HIV can persist in a latent state for decades within human immune cells despite life-sustaining advances in modern anti-retroviral therapy (ART). Current standard of care treatment reduces viral loads and improves outcomes of those living with HIV, but has no effect on latently infected cells which provide a life-long reservoir of infectious virions. These latently infected cells pose the greatest challenge to curing HIV, but account for as little as 0.003% of peripheral blood cells. To overcome the challenge posed by the scarcity of these cells in patients, genetic engineers at Fred Hutch have developed a method for tag-and-target isolation of latently infected cells. Dr. Jerome and his team use CRISPR/Cas9-based homology-independent target insertion (HITI) together with a reporter lacking a polyA signal to label HIV provirus in viable immune cells, and virtually eliminate off-target background noise. This breakthrough paves the way for vital research of latent viral infection and sets the stage for curative therapeutic development.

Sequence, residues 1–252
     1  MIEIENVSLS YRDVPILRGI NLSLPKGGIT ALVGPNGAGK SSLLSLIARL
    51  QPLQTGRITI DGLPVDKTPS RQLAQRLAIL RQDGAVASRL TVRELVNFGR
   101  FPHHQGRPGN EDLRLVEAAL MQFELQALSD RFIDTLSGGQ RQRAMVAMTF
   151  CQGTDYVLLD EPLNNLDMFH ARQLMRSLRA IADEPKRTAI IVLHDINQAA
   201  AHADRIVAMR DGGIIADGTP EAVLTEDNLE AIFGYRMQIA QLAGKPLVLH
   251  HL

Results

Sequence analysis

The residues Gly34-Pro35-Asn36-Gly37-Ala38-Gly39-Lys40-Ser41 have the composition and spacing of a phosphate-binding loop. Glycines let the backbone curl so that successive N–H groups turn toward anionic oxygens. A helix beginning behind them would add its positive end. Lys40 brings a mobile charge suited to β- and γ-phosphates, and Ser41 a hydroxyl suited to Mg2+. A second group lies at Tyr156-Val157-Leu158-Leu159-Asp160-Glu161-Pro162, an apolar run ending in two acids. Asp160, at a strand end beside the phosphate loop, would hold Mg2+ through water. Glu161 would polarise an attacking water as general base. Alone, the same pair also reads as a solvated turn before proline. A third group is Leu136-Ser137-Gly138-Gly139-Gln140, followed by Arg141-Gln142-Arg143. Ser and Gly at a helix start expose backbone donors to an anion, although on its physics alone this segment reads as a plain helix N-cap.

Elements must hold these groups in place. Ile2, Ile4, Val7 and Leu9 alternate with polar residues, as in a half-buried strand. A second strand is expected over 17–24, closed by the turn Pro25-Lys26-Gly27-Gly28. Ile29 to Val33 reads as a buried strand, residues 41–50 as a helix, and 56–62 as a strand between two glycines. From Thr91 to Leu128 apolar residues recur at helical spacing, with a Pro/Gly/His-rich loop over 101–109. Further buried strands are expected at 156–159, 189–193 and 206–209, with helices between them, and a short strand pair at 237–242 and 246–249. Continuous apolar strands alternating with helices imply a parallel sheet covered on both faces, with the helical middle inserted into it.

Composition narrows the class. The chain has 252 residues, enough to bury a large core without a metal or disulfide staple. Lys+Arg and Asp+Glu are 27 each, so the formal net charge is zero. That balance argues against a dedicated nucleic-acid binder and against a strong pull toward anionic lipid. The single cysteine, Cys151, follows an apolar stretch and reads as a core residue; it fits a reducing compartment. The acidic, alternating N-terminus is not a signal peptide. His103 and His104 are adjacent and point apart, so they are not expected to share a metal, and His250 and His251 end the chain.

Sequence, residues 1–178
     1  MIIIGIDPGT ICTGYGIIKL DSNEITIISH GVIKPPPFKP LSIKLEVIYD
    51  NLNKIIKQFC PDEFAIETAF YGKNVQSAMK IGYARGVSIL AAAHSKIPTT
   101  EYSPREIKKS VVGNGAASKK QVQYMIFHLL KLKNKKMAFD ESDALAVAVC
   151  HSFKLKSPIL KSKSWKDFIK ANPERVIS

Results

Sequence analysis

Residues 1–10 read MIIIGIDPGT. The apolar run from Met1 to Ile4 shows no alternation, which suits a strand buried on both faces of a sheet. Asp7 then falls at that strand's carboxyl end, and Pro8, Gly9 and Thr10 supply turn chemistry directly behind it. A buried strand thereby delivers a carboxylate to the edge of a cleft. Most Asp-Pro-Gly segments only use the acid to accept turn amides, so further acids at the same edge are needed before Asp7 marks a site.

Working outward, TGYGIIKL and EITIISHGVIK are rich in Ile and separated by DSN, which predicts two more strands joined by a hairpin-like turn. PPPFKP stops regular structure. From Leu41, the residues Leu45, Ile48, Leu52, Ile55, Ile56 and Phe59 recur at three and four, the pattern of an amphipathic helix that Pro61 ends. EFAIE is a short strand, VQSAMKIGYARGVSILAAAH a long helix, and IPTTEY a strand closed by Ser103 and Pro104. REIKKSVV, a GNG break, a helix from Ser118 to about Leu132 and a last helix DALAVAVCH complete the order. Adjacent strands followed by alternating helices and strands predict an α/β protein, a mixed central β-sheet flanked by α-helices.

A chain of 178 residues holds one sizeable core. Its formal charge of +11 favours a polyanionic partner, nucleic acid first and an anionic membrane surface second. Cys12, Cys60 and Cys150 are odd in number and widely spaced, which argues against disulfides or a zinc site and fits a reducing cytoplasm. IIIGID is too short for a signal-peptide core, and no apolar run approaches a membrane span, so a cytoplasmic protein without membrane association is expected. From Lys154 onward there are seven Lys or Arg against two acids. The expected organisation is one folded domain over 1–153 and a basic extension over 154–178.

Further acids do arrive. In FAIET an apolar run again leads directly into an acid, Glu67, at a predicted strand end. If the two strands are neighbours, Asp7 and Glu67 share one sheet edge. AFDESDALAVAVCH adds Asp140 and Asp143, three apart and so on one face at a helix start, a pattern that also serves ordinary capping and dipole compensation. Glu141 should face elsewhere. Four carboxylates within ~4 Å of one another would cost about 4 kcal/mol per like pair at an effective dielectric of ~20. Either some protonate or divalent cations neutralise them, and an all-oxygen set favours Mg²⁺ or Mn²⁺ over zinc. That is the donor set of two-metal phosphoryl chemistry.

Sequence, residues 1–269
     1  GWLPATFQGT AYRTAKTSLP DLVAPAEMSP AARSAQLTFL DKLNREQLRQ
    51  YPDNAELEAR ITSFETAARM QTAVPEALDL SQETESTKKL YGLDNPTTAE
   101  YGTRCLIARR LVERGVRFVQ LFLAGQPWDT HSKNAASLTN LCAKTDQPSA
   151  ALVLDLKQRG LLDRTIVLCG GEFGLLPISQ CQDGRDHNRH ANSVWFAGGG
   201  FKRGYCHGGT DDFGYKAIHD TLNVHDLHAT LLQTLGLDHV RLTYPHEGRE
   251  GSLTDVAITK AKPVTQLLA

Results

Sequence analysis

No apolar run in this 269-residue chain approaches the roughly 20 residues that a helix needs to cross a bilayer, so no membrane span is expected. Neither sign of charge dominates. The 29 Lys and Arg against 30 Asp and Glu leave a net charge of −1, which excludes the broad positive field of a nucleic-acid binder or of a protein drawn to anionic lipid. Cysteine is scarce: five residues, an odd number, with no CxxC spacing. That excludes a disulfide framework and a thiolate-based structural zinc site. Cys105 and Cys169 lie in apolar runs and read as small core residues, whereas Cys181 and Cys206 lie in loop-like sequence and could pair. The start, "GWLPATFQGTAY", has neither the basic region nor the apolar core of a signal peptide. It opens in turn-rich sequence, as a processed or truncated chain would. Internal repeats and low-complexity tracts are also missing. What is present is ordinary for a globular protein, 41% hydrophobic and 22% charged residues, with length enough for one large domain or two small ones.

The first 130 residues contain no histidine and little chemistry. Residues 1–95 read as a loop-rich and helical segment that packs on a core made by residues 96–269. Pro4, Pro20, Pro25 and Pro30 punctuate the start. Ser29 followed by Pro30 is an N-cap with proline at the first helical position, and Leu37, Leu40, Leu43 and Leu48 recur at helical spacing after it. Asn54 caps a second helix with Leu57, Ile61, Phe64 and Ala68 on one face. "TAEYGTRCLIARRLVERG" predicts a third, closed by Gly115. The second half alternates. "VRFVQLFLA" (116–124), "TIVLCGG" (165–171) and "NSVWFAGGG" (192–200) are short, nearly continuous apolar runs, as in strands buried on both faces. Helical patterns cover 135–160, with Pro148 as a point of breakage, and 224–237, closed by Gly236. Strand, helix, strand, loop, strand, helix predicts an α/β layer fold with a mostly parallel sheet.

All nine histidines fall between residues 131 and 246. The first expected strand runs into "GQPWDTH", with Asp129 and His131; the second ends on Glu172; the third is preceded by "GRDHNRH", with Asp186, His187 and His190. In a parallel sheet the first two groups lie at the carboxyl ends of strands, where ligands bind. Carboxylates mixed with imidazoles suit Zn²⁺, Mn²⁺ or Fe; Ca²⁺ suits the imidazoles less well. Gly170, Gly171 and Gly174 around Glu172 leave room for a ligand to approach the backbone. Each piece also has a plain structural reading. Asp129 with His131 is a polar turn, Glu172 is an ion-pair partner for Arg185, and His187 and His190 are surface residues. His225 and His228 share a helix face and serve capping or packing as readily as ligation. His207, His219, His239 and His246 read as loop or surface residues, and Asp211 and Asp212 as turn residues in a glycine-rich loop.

- Analysis of provirus integration dynamics, T cell preference, and viral reactivation mechanics
- Targeting and isolation of non-HIV proviruses (e.g., HTLV and HERVs)
- Tagging of rare blood cells with off-target noise reduction
- Unmasks low abundance cells from blood (e.g., circulating tumor cells)
- HITI requires no sequence homology for genetic editing which overcomes the difficulty of sequence variability inherent to HIV
The global HIV drug market was valued at $25.3 billion in 2018 and is expected to grow to $40.7 billion by 2026 giving a CAGR of 6.1%. ART is currently the major market driver for HIV/AIDS treatment. While ART reduces disease burden and improves patient outcomes, a curative treatment targeting latent infection is still an unmet need for the nearly 40 million patients living with HIV.
- Keith Jerome, MD, PhD - Vaccine and Infectious Disease Division